Two days after the Freedom to Marry announcement, SC Equality also launched the Know Your Rights campaign in response to the numerous inquiries the organization receives regarding municipal, state and federal laws that affect the LGBTQ community. The focus of the campaign is to help educate and empower LGBTQ community members and their families. Each month through June, the campaign will release a new section of resources to be followed by a series of free educational forums and events statewide.
Ryan Wilson, Executive Director of SC Equality, explained: “As both laws and attitudes continue to evolve around our state and country, it is important for LGBT people to know what resources are available to them in South Carolina.” Find an event and find a way to make a difference at www.scequality.org/knowyourrights.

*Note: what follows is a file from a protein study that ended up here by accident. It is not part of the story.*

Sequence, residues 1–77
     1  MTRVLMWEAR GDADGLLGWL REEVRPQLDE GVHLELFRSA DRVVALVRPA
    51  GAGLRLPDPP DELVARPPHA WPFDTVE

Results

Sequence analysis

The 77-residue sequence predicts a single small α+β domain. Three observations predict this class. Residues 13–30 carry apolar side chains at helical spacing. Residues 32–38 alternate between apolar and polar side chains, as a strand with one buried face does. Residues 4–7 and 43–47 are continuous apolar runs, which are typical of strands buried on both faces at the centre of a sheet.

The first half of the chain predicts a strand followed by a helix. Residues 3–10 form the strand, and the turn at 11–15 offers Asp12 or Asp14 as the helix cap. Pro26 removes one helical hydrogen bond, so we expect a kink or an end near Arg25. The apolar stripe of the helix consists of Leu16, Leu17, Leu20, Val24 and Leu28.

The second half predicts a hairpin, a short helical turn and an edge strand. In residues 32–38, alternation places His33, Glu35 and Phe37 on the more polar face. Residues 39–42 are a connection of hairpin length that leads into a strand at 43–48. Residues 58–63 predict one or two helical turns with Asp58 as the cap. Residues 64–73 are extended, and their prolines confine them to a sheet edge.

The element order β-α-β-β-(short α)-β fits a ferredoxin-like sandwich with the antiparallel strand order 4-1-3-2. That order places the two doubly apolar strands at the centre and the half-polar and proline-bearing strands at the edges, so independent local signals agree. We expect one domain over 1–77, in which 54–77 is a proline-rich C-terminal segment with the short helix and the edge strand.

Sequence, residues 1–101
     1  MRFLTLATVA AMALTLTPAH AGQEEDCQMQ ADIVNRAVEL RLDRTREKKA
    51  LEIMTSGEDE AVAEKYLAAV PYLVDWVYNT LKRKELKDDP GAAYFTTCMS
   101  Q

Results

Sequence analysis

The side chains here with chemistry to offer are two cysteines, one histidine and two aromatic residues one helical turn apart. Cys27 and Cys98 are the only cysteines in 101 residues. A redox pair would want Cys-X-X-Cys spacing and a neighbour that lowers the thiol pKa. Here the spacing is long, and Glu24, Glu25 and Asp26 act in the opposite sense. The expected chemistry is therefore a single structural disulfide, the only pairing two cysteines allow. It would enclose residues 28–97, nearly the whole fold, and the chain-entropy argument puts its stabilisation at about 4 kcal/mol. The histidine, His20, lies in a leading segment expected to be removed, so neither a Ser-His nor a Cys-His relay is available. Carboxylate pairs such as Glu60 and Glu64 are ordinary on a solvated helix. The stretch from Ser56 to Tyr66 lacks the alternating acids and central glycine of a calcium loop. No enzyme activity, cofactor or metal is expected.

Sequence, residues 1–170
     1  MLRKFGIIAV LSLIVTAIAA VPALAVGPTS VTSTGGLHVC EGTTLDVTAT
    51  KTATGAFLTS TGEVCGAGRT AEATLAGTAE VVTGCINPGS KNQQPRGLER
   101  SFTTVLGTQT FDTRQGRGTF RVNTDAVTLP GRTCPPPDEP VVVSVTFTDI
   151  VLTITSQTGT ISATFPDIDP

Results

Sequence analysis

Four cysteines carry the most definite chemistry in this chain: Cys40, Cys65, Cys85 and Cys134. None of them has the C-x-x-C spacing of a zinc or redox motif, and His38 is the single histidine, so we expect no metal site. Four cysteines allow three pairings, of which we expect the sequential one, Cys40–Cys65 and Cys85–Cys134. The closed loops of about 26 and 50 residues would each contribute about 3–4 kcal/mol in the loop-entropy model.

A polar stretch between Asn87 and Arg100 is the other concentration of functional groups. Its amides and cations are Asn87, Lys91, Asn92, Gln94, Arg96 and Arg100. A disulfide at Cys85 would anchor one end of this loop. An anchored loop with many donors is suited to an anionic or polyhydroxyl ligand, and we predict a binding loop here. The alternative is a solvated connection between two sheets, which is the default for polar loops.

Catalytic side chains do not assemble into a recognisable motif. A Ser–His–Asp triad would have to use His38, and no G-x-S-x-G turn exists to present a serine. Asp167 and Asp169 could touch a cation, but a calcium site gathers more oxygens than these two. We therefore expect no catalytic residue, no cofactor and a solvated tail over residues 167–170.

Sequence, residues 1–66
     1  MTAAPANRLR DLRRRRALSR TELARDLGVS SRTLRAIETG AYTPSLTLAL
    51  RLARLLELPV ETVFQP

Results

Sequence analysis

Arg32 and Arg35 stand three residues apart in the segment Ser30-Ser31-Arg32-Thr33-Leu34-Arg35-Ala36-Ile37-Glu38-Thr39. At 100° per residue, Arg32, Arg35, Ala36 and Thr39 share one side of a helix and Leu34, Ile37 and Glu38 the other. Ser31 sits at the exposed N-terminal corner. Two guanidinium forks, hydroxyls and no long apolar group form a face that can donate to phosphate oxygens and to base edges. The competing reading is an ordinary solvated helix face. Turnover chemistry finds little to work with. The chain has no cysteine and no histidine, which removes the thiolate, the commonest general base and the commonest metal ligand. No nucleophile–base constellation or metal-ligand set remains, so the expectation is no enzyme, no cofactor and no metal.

I believe that 2014 is going to be a year that significantly changes the lives of the LGBTQ community in South Carolina and across the South. The resources and support are intensifying. Opportunity on this level has never been greater. The participation of every person in the LGBTQ community is now a prerequisite for membership.
OUT & ABOUT
Wednesday, March 19 & Wednesday, March 26 – CareTeam will offer free and private HIV testing at the Family Justice Center at 1530 Highmarket Street, Georgetown from 9 a.m. until noon. Additional details are available at www.facebook.com/careteam.
Wednesday, March 26 – Prime Timers of Myrtle Beach will have its Fourth Wednesday Social at Driftwoods Restaurant in Murrells Inlet. The meeting time is 5:30 p.m. Driftwoods is located at 10799 S.C. 707, Murrells Inlet. After dinner, the group will go to a member’s home to make Easter baskets for a local charity group. For more details go to http://primetimersww.com/primetimersmb/.
Have a thought, comment or Out & About event? Send Drew Levy-Neal an e-mail to Drew.Levy.Neal@gmail.com. You can also follow him on Twitter: @Drew_Levy_Neal.